NCCN Guidelines for Patients
Acute Lymphoblastic Leukemia, Version 1.2017
Considering allogeneic SCT
An allogeneic SCT is a complex treatment and can
cause very serious side effects. Thus, it may not
be a good treatment choice for every patient with
ALL. Many treatment centers will only consider this
treatment option for patients younger than 65 years
Your doctor will look at many factors to help decide
if an allogeneic SCT is a good choice for you. These
factors include your age and general health, certain
prognostic factors, how well other treatments worked,
and if a well-matched donor has been found.
An allogeneic SCT is not used as the first or
main treatment for ALL. It may be used as part
of consolidation therapy for certain patients with
Ph-positive ALL or in patients with other poor risk
features. Doctors may also consider an allogeneic
SCT if prior treatments fail to kill all of the leukemia
cells or keep them away.
Side effects of allogeneic SCT
A side effect is an unhealthy or unpleasant physical
or emotional condition caused by treatment.
Common side effects of chemotherapy, which is
given before the transplant, are described on page
34. You will likely feel tired and weak shortly after the
transplant while waiting for the new blood stem cells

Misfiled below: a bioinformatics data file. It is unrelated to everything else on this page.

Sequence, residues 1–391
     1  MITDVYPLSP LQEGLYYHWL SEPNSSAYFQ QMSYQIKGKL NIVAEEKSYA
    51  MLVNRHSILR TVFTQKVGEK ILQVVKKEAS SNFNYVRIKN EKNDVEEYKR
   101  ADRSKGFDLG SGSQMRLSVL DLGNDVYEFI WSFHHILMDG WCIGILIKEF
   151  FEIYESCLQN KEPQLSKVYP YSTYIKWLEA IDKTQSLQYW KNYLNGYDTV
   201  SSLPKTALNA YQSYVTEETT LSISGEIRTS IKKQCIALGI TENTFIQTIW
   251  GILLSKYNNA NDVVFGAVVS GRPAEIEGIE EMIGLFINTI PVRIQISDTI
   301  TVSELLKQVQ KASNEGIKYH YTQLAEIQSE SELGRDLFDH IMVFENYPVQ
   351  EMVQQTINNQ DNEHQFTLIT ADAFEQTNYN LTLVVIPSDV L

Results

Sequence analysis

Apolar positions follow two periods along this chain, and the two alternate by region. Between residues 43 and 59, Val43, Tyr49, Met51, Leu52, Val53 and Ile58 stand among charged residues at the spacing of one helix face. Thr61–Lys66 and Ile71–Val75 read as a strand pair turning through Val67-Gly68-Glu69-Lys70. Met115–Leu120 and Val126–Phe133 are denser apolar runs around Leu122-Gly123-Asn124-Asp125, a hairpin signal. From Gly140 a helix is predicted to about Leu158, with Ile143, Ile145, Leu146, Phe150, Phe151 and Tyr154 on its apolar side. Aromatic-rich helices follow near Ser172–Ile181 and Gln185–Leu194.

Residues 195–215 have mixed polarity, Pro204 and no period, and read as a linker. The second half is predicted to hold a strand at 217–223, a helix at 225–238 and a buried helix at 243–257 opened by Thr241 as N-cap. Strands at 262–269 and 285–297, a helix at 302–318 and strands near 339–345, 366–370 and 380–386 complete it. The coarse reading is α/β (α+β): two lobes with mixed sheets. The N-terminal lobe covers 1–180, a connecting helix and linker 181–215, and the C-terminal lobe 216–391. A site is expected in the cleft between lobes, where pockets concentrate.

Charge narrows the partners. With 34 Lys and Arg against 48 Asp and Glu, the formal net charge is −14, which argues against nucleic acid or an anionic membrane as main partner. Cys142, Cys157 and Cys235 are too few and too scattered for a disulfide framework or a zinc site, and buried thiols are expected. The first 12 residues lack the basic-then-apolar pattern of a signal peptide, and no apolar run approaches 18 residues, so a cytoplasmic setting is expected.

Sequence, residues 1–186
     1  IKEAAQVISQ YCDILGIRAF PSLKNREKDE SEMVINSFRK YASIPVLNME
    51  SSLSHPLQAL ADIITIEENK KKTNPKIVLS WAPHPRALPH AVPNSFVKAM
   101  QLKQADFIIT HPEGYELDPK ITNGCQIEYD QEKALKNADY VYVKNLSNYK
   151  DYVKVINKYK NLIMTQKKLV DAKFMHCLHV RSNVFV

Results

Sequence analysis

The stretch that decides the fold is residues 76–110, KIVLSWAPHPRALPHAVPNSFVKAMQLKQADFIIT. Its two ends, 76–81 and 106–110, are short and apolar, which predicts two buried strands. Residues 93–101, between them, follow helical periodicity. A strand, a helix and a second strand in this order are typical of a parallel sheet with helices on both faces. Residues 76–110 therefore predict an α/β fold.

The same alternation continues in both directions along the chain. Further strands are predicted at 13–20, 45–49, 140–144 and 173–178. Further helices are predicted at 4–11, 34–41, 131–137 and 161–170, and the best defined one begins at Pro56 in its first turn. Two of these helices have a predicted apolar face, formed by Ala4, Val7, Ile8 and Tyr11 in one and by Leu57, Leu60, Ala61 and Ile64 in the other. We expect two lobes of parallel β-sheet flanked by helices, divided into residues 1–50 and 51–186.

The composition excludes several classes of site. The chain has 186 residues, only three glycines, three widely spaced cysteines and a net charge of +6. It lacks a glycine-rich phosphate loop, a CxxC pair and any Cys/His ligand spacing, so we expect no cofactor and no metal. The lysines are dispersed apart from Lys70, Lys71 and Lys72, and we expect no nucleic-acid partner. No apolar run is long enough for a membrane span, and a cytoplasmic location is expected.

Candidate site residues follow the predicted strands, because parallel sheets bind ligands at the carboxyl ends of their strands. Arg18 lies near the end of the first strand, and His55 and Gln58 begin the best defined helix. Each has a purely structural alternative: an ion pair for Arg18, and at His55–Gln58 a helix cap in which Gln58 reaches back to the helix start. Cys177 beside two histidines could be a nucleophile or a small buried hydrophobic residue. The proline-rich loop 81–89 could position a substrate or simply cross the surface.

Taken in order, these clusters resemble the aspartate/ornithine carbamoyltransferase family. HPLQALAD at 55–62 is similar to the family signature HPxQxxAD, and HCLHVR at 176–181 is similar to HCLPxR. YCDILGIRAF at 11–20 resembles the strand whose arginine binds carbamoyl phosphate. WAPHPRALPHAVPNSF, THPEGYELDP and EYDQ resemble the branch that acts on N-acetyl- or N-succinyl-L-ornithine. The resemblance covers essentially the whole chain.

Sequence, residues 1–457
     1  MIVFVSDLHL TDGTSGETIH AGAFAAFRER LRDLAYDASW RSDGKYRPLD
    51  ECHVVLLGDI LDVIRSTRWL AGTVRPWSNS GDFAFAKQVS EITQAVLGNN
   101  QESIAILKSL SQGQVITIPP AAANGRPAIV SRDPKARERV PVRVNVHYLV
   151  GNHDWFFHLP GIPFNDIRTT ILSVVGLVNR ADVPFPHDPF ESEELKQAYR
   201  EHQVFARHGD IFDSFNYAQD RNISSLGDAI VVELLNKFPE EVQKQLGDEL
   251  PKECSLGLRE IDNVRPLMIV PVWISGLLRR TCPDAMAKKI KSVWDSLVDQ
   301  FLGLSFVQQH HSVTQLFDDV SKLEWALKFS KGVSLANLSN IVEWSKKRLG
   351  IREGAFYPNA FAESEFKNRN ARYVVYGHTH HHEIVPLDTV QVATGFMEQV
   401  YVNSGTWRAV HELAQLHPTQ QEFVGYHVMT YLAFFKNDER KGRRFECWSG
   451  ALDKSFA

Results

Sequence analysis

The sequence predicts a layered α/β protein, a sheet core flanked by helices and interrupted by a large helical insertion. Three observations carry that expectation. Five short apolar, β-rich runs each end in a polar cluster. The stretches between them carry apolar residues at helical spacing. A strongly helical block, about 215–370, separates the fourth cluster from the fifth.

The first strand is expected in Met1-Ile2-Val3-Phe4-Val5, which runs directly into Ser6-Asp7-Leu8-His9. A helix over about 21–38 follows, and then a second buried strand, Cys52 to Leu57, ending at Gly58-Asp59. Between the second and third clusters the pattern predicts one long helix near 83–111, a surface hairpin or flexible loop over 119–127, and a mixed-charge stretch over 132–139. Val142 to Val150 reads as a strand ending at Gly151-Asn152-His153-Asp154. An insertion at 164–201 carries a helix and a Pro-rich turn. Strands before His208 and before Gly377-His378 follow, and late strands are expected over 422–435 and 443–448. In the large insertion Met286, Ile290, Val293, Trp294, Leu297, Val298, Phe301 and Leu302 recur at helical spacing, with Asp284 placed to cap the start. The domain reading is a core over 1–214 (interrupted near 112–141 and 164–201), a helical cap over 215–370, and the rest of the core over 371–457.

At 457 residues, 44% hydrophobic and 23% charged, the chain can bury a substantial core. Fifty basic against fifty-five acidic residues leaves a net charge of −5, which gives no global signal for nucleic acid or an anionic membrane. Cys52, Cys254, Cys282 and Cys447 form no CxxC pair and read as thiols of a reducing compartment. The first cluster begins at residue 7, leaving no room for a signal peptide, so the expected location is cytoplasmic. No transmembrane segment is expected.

to grow in the bone marrow.
Allogeneic transplants have a high risk of
isease). GVHD is when
the donated cells see the cells in your body as
foreign and attack them. The parts of the body
most commonly damaged by GVHD are the skin,
intestines, and liver.
GVHD is a serious side effect that can cause the
transplant to fail by stopping the donated blood stem
cells from growing in your bone marrow. GVHD can
happen within a few weeks after the transplant or
much later. Your doctor may give you medicine that
suppresses your immune system to try to prevent
this side effect.
Radiation therapy uses high-energy rays to treat
cancer. The rays damage the genes in cells. This
either kills the cancer cells or stops new cancer cells
from being made. Radiation therapy may be given
in different ways. For ALL, radiation therapy is given
from a machine outside the body. This method is
called EBRT (
Radiation therapy is not usually part of the main
treatment for ALL. But, it may be used to treat
leukemia cells that have spread to fluid around the
brain and spinal cord. This is called CNS disease.
To treat CNS disease, radiation therapy is aimed
at the brain and/or spine. Doctors may refer to this
as cranial irradiation or cranial-spinal irradiation.
Radiation therapy may also be used to treat
leukemia cells that have spread to the testicles.
Lastly, radiation therapy can be used as part of the
treatment given prior to an SCT.
During radiation treatment
You will lie down on a treatment table and stay very
still. You will be alone while a technician operates the
EBRT machine from a nearby room. The technician
will be able to see, hear, and speak with you at all
times. As treatment is given, you may hear noises.
A session can take between 15 and 30 minutes.
Radiation therapy is often given 5 days a week for 2
to 3 weeks.